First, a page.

Right, this is going to take some study!
Excel Workbook 



 A  B  C  D  E 

1  23  3  13   23 

2  24  27  14   24 

3  25   16   25 

4  26   26   27 

5  27   27   27 

6  27   27   27 

7  28   28   27 

8  29   39   27 

9  30   60   27 

10  31   70   31 

11  32   80   32 

12  33   90   33 

13  34   100   34 



There are three type of conditional formatting above, 1 each in columns A, C & E. They behave quite differently from one another.
I've used B2 as the target value for all three columns.
B1 is referred to in the conditional formatting for columns C and E only, and is the
x in 'highlight the nearest
x'.
Column E first:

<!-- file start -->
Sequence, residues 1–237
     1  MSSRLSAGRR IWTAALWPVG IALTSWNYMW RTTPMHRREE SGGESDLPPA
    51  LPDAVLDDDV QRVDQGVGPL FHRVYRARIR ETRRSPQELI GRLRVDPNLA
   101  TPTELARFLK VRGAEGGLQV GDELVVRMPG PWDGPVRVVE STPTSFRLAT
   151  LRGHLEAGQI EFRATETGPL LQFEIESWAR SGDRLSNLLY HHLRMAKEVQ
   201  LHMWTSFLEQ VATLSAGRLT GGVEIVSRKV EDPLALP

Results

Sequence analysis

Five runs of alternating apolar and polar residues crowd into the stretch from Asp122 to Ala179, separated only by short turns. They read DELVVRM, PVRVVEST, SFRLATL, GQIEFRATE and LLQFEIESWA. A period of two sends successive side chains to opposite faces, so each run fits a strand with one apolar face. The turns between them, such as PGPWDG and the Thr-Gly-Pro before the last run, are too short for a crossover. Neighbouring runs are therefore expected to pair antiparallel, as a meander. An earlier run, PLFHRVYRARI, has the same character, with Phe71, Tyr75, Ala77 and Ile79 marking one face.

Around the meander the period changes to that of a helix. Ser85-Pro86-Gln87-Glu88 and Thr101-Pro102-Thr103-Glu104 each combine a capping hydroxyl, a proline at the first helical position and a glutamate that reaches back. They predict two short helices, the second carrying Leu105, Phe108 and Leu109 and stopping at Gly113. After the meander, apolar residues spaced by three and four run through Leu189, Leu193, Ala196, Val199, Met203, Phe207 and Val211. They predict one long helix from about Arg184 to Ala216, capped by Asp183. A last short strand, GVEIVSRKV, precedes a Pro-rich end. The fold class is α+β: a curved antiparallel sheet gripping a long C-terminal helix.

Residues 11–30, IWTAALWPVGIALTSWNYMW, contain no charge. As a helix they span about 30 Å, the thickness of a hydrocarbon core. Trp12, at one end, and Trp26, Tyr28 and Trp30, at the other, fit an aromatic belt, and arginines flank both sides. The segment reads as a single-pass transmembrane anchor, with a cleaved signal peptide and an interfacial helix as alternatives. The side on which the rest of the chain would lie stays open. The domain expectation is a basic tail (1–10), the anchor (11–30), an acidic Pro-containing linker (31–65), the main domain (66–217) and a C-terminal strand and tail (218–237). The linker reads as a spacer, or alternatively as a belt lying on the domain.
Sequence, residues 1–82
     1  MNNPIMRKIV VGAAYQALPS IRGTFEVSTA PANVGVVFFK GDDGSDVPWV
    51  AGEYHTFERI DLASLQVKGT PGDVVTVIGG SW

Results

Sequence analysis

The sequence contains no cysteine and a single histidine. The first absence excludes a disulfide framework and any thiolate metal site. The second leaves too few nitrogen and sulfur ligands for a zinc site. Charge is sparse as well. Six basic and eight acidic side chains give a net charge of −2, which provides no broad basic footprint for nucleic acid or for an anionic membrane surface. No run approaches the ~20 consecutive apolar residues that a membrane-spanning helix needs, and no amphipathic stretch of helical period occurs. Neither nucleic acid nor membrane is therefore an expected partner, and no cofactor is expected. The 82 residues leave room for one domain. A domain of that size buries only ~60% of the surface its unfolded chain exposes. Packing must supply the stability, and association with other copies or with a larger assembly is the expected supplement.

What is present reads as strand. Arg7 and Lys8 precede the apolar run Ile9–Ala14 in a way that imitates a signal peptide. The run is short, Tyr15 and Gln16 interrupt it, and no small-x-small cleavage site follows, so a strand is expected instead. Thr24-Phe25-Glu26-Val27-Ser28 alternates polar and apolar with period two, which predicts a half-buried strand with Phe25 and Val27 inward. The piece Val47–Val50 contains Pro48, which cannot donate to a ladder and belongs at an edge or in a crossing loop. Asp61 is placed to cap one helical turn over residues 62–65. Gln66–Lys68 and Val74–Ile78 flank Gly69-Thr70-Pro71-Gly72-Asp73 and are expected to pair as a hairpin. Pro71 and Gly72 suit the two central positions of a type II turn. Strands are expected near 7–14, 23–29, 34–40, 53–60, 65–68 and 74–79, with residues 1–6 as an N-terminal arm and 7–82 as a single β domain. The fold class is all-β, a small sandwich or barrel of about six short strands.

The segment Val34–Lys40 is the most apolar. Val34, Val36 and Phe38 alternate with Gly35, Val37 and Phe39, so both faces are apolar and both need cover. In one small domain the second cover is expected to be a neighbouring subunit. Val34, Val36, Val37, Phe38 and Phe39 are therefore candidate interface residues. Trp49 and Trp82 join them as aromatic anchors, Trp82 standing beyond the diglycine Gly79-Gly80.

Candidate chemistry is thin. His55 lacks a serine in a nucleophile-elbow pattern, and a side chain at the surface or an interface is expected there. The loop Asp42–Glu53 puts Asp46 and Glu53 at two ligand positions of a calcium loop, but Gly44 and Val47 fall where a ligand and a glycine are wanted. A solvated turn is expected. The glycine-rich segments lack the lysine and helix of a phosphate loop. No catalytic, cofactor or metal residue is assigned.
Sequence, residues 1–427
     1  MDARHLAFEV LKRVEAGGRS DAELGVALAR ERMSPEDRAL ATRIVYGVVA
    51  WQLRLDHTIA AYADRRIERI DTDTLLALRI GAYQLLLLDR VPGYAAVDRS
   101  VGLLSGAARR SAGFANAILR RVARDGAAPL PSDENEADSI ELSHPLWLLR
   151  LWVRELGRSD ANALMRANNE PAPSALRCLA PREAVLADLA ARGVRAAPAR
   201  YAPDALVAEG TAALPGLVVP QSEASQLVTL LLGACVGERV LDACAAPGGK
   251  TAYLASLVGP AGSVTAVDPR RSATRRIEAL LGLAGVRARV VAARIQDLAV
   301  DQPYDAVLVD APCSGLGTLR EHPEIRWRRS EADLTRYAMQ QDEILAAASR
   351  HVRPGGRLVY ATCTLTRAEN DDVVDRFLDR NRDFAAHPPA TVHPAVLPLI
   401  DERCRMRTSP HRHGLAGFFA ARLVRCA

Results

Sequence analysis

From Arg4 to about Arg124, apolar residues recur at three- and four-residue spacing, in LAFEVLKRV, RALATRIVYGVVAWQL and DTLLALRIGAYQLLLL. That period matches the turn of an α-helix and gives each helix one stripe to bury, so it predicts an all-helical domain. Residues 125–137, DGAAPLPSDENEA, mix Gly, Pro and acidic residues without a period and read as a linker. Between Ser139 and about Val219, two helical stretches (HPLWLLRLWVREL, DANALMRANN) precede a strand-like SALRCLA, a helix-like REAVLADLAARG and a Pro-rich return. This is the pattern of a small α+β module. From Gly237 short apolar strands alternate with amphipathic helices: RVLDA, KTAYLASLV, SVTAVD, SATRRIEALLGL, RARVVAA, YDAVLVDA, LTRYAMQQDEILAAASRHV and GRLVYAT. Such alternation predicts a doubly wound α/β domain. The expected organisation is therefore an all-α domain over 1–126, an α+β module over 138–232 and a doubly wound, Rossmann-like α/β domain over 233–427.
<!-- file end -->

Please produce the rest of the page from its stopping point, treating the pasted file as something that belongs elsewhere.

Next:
This is the simplest, but has limitations when there are lots of ties, because only the nearest 1 value will be highligted if there are more than 3 ties nearest. Play with the values in B1 and B2.
Column A:
B1 isn't used in this formula. It uses a defined Name (
diddy) which is defined as:
={1,2,3}
because conditional formatting didn't like using hardcoded arrays.
Actually, this one might be quite similar to column E.
Column C:
This one's my favourite; it first strips out duplicates from the list to get a unique list, then takes the three closest
values and highlights them, regardless of how many there might be. It will include values which are equidistant from the target, above or below, so may seem to highlight quite a lot when there are such equidistant values. It does use both B1 and B2  so play with these values.
I couldn't easily find a way to get the results exactly as you want in your last message.